The Most Poisonous Plants on Earth
Earth’s flora is not simply a beautiful view you can admire every once in a while when you are looking at pictures on the web or somebody is sending you images from his botanical garden, flower shop, or safari trip. It is just as intricate as the people and animals around it, there are so many plants, and not all of them are just pretty faces on a stem. Plants are not always small defenseless things, waiting to be picked or ravaged. Some of the plants on the planet are actually just as dangerous as they are lovely to look at, and some of them are so dangerous that once you have found out, it will be too late to do anything about it. Here is a list of some of the latter ones – the plants with skills to kill.
Each year over 100,000 are reported exposures to toxic plants.
It is your responsibility to teach children not to play with or eat growing plants
Hemlock (Conium maculatum)
Other known names: poison hemlock (England), devil's bread or devil's porridge (Ireland), Carrot Fern (Australia), spotted parsley, spotted cowbane, bad-man's oatmeal, poison snakeweed, beaver poison.
Let us start philosophical. Literally. Hemlock is the plant that killed Socrates, it is the plant used in Ancient Greece for executions by making the prisoner drink the poison made by the hemlock, and then have him or her walk about until it takes effect. Hemlock contains coniine, which is a poisonous alkaloid that strikes directly at the nervous system. 0,1g is a dosage that will be fatal to any adult. The coniine paralyzes the body bit by bit until it reaches the lungs or heart, becoming fatal to any receiver.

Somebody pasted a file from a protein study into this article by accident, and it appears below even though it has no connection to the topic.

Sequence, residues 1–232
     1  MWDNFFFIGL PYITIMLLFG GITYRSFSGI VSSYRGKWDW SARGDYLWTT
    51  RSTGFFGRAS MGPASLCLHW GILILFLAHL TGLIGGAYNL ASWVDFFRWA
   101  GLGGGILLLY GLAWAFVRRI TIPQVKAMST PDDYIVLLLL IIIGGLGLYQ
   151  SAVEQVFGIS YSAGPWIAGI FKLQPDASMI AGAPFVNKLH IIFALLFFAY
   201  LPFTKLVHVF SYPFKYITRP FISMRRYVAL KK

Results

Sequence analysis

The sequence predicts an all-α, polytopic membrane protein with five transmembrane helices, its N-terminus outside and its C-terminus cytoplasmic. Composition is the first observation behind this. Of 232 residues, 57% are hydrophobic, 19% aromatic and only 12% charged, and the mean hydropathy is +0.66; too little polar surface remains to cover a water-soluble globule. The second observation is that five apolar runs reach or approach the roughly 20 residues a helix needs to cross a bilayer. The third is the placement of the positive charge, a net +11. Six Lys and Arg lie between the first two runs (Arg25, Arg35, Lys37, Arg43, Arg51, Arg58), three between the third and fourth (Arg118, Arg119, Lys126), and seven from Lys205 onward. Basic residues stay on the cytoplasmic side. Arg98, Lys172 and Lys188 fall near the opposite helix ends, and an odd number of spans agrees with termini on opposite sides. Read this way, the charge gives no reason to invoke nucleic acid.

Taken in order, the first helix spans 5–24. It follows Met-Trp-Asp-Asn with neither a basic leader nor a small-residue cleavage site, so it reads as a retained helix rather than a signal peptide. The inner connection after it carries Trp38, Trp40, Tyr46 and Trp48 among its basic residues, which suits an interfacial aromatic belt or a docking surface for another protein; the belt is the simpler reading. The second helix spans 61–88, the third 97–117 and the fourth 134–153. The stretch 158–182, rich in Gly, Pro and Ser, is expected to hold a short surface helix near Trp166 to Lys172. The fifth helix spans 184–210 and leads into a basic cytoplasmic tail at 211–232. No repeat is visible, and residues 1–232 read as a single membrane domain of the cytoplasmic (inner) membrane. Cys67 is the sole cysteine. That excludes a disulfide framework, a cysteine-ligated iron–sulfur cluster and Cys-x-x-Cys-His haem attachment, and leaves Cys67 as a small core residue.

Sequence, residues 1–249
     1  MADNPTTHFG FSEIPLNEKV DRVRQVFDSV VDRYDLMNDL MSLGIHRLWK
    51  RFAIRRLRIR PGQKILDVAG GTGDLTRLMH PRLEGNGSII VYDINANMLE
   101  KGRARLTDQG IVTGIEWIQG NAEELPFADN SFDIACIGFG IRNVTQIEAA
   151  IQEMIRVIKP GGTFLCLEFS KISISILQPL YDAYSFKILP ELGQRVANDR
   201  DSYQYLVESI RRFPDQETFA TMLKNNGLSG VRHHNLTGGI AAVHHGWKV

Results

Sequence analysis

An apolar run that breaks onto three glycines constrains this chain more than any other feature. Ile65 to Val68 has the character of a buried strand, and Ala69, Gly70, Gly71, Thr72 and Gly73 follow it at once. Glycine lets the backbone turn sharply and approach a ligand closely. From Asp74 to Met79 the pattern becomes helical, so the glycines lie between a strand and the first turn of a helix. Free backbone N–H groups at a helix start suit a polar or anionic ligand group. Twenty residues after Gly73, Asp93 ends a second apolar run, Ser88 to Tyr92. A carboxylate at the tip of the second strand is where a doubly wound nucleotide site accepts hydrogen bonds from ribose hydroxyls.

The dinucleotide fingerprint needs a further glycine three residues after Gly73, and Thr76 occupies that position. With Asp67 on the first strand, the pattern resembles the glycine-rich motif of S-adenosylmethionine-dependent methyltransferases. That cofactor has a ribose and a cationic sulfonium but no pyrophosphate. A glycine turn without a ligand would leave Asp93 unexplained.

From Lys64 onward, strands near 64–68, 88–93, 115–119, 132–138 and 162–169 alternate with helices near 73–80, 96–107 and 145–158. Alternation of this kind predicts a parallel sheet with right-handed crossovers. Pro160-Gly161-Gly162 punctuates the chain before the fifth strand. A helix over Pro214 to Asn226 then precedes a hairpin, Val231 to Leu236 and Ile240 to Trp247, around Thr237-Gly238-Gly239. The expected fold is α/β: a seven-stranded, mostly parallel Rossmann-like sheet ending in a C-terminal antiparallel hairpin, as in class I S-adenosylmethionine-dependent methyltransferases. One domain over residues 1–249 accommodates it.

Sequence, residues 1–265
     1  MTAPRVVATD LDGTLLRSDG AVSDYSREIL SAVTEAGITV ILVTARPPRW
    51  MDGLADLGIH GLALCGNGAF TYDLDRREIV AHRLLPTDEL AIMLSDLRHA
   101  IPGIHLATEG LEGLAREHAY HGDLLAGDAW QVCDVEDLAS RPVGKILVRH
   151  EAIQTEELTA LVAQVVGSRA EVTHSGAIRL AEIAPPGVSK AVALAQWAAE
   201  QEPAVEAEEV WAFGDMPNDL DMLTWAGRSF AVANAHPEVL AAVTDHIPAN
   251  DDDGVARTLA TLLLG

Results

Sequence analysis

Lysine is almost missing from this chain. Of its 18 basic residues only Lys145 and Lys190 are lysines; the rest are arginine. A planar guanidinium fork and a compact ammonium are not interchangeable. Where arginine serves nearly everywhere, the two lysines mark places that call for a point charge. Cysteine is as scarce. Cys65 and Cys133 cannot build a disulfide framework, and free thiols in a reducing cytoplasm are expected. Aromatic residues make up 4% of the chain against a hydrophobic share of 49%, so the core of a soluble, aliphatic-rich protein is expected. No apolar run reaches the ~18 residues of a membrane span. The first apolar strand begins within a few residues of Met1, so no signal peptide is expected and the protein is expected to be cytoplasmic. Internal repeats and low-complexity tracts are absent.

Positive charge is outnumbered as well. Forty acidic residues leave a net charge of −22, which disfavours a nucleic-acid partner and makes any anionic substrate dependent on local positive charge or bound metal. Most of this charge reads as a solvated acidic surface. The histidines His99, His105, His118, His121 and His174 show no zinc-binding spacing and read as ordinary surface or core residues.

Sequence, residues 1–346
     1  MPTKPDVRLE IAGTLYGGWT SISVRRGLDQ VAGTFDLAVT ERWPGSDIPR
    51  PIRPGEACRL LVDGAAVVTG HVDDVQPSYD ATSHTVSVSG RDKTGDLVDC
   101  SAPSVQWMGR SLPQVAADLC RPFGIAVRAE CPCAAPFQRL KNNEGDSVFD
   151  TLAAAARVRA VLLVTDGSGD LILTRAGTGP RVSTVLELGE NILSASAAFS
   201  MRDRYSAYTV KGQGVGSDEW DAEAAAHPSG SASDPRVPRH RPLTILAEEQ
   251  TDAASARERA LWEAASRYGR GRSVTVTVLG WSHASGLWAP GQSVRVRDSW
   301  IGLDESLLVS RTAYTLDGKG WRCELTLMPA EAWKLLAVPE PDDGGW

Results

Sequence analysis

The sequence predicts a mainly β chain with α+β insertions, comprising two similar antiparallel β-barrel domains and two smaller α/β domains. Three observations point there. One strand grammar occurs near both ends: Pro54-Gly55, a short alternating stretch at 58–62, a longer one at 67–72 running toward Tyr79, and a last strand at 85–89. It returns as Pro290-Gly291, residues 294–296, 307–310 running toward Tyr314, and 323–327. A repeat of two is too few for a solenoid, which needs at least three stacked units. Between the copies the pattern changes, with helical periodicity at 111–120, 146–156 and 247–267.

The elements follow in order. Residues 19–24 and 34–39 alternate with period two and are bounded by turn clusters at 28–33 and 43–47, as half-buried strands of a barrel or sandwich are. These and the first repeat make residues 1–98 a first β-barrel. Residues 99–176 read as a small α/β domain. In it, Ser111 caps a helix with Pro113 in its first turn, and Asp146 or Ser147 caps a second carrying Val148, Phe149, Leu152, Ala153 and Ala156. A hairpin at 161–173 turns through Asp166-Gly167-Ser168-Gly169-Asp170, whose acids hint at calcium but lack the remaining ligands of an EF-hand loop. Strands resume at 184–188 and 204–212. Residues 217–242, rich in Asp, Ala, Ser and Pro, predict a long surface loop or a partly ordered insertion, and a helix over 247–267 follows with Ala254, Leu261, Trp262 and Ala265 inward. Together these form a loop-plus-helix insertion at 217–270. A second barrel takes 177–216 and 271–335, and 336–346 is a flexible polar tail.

Death by curare is relatively slow and horrific, as the victim is awake and aware but cannot move or even speak. The main poison from Chondrodendron Tomentosum is an alkaloid, which causes paralysis and death much in the same way as strychnine and hemlock.
Hemlock Water Dropwort (Oenanthe crocata)
Continuing with the hemlock family of plants, let us continue with the one referred to as the most poisonous of British plants: the water dropwort contains. This plant’s leaves are regularly safely eaten by animals, but one root is the right amount to kill a grown cow. This plant is especially dangerous as its outer appearance is similar to other edible plants. It contains oenanthotoxin which contains a neurotoxin that again assaults the nervous system. Scientists claim that the plant produces a “sardonic grin”, and is one of the candidates for the “sardonic herb” used in ritual killing of elderly people in Phoenician Sardinia.